One of my current students is from Iran, although she refers to herself as "Persian" to clarify that although she considers herself loyal to her homeland and its people, she does not necessarily support the Iranian government. I suspect that there are many such young people in Iran (or Persia, if you prefer). The people of Iran have seen what happens when the United States comes to "liberate" people in the Middle East, and they do not want the situation in Iraq to be repeated in Iran. Moderates in Iran want the support of the United States as they push for more freedoms, more tolerance, and more engagement with the rest of the world. We should be doing all we can to help them.

Sunday, March 18, 2007

star peak

Today I hiked to the summit of Star Peak (9836 feet), the high point of Pershing County and of the Humboldt Range northeast of Lovelock. It was my fourth attempt on the peak; the first two times I was turned back by impending darkness and the last time by excessive snow. This time was relatively easy; I drove my Nissan Pathfinder into El Dorado Canyon, followed the road past the abandoned Blackjack Mine, and bumped and banged my way up to about 7000 feet. I probably could have gone higher in the Pathfinder -- but I had only a single, marginally inflated spare tire, so I decided not to risk it. As it was, I had a relatively straightforward route to the summit, hiking through only a few small patches of snow along the way.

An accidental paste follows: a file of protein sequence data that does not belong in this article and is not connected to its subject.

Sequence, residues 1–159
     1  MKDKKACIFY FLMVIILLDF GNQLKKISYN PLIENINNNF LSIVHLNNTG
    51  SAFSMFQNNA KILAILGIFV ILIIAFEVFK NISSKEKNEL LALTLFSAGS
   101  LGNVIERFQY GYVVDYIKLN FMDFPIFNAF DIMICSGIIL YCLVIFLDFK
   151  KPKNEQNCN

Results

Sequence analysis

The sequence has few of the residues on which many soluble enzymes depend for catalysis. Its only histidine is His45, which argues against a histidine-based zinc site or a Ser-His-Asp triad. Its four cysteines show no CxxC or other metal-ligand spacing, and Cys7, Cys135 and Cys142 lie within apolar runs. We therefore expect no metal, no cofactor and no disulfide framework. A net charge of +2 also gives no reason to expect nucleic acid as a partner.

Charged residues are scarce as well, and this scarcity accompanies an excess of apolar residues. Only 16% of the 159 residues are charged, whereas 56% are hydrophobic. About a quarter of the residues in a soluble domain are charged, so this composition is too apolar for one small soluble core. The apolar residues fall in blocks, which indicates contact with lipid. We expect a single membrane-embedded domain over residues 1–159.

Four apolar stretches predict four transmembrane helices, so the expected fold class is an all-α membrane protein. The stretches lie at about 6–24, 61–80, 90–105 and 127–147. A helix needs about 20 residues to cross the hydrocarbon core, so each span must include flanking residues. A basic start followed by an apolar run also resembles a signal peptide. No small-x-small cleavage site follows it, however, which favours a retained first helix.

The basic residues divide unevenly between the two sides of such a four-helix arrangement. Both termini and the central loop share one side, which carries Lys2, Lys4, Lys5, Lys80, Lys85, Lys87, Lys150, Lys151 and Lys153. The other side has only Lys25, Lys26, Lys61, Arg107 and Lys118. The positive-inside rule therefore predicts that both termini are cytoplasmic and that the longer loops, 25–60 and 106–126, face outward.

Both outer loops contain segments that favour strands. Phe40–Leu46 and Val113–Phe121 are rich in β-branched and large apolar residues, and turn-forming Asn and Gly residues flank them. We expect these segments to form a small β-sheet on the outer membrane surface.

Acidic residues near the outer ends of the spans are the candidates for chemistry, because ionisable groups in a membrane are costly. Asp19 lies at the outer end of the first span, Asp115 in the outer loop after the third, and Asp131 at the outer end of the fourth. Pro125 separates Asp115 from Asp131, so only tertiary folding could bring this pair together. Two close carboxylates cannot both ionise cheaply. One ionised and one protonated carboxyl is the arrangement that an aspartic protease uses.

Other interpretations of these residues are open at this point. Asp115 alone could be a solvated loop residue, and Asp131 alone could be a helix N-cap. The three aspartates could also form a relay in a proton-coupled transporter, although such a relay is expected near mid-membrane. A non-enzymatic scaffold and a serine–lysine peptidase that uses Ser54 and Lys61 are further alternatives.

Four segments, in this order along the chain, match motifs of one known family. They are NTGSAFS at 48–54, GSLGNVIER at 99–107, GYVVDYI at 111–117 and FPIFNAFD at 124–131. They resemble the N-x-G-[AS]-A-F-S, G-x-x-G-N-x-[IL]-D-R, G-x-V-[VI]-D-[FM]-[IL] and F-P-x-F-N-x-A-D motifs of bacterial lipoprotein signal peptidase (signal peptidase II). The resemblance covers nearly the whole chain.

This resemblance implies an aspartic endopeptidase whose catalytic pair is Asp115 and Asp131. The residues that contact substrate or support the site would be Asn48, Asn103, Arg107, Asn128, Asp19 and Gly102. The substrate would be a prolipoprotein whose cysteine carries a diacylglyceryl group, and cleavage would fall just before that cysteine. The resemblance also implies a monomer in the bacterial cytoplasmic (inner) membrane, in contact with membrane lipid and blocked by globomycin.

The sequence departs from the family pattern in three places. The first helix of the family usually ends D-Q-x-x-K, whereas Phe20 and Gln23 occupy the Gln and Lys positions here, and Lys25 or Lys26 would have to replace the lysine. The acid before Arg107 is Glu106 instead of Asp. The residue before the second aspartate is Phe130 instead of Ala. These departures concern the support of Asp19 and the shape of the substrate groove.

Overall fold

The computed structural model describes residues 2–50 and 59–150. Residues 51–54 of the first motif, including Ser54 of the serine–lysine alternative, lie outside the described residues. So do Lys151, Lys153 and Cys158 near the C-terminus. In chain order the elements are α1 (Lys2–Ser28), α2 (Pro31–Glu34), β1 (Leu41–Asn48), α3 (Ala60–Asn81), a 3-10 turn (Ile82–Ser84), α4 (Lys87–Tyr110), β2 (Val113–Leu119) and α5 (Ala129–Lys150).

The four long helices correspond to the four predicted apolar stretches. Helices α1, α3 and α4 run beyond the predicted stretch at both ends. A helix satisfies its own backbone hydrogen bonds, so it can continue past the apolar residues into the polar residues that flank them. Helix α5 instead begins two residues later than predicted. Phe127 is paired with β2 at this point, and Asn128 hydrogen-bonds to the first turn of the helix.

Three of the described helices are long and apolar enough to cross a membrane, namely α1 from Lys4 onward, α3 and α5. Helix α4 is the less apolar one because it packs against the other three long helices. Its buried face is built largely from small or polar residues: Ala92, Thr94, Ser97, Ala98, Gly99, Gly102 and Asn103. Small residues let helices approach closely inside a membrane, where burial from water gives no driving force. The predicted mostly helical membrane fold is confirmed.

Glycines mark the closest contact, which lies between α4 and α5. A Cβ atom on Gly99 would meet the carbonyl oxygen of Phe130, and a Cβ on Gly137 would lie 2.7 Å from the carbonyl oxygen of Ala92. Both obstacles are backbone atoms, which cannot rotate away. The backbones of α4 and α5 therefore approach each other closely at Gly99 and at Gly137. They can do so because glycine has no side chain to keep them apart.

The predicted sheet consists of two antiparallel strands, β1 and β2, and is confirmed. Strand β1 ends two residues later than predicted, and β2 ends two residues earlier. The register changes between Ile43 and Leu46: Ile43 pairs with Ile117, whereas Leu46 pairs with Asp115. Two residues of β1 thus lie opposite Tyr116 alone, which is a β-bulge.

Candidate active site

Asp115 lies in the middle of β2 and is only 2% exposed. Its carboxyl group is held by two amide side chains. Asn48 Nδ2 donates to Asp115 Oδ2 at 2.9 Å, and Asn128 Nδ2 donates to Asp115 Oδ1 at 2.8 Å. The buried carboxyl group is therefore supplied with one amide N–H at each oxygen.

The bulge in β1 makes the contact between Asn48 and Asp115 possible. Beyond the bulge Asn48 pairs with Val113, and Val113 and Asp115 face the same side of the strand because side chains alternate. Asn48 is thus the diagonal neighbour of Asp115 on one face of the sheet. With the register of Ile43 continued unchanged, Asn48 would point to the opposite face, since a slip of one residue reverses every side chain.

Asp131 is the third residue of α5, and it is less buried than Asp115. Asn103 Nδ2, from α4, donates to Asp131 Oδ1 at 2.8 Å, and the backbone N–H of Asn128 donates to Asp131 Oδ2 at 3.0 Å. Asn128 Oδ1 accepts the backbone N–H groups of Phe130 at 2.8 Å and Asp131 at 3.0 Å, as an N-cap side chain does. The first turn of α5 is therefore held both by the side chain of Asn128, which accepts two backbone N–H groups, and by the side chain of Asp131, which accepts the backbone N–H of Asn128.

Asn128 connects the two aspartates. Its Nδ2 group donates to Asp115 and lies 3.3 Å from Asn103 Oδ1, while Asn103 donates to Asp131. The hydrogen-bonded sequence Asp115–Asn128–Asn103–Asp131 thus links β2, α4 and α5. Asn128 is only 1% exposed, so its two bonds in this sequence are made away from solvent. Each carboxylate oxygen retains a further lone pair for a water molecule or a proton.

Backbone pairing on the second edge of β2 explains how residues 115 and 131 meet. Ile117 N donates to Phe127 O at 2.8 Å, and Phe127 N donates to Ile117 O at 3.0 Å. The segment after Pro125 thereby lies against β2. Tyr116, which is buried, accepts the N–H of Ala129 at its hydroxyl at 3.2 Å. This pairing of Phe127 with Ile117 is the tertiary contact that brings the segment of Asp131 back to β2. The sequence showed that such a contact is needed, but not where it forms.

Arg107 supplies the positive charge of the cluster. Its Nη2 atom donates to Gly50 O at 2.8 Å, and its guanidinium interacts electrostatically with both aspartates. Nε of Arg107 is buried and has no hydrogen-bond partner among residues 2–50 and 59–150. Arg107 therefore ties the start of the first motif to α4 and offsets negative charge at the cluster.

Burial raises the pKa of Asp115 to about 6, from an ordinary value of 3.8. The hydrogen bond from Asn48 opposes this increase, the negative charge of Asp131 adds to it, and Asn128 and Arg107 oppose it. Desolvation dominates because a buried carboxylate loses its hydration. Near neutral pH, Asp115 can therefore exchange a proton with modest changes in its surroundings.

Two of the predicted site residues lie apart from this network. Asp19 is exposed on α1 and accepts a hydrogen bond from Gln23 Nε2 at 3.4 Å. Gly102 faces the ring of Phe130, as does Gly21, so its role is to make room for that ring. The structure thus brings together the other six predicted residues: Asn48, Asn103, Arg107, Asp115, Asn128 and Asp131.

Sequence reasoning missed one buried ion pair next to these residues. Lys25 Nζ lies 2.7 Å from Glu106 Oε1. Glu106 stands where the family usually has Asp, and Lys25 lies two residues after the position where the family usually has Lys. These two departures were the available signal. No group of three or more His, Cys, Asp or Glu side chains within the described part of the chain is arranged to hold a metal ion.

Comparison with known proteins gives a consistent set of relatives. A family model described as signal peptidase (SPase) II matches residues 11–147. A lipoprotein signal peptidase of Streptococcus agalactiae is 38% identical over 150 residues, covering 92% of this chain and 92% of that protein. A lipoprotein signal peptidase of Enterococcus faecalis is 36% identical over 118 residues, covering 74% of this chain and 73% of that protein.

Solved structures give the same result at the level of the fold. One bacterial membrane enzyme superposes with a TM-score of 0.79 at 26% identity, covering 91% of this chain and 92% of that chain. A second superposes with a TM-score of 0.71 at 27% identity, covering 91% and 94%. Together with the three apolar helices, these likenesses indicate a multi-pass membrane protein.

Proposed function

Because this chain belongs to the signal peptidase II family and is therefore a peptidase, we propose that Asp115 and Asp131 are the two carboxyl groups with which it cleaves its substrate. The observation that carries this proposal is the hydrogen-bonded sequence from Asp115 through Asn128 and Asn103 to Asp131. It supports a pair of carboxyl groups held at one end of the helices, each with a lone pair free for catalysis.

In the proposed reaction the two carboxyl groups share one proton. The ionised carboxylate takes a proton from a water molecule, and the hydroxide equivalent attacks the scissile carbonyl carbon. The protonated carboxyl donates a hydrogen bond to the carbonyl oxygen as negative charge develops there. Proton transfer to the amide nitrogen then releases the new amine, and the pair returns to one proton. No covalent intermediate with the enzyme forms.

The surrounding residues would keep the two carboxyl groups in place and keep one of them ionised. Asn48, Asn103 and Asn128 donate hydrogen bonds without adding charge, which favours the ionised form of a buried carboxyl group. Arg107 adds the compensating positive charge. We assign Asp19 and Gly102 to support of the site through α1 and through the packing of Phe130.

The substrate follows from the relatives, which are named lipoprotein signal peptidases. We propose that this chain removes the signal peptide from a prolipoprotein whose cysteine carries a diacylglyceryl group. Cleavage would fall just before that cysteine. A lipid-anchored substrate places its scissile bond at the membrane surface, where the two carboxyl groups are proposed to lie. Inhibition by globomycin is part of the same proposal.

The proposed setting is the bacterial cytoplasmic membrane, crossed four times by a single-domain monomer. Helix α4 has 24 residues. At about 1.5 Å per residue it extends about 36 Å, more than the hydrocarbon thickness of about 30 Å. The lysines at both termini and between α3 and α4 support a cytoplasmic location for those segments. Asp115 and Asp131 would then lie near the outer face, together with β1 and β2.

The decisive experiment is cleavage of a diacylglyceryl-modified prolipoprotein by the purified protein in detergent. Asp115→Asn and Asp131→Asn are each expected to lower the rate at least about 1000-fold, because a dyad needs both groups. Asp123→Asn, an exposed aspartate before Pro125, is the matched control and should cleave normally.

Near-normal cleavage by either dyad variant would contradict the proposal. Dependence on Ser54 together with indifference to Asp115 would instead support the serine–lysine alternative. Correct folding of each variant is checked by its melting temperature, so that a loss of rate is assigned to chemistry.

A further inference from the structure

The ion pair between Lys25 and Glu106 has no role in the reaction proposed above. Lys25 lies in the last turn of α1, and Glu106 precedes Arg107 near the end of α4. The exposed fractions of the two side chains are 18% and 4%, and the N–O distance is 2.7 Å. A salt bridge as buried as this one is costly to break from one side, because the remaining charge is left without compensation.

On the way back down, I spotted a huge yellow-bellied marmot (Marmota flaviventris) watching me through the sage brush along the edge of the canyon. We shared a moment before it scurried to a perch on top of a rock to watch me from a safer vantage point. I was struck by how fat the marmot was at this early time in the season, although I imagine this winter hasn't been particularly severe.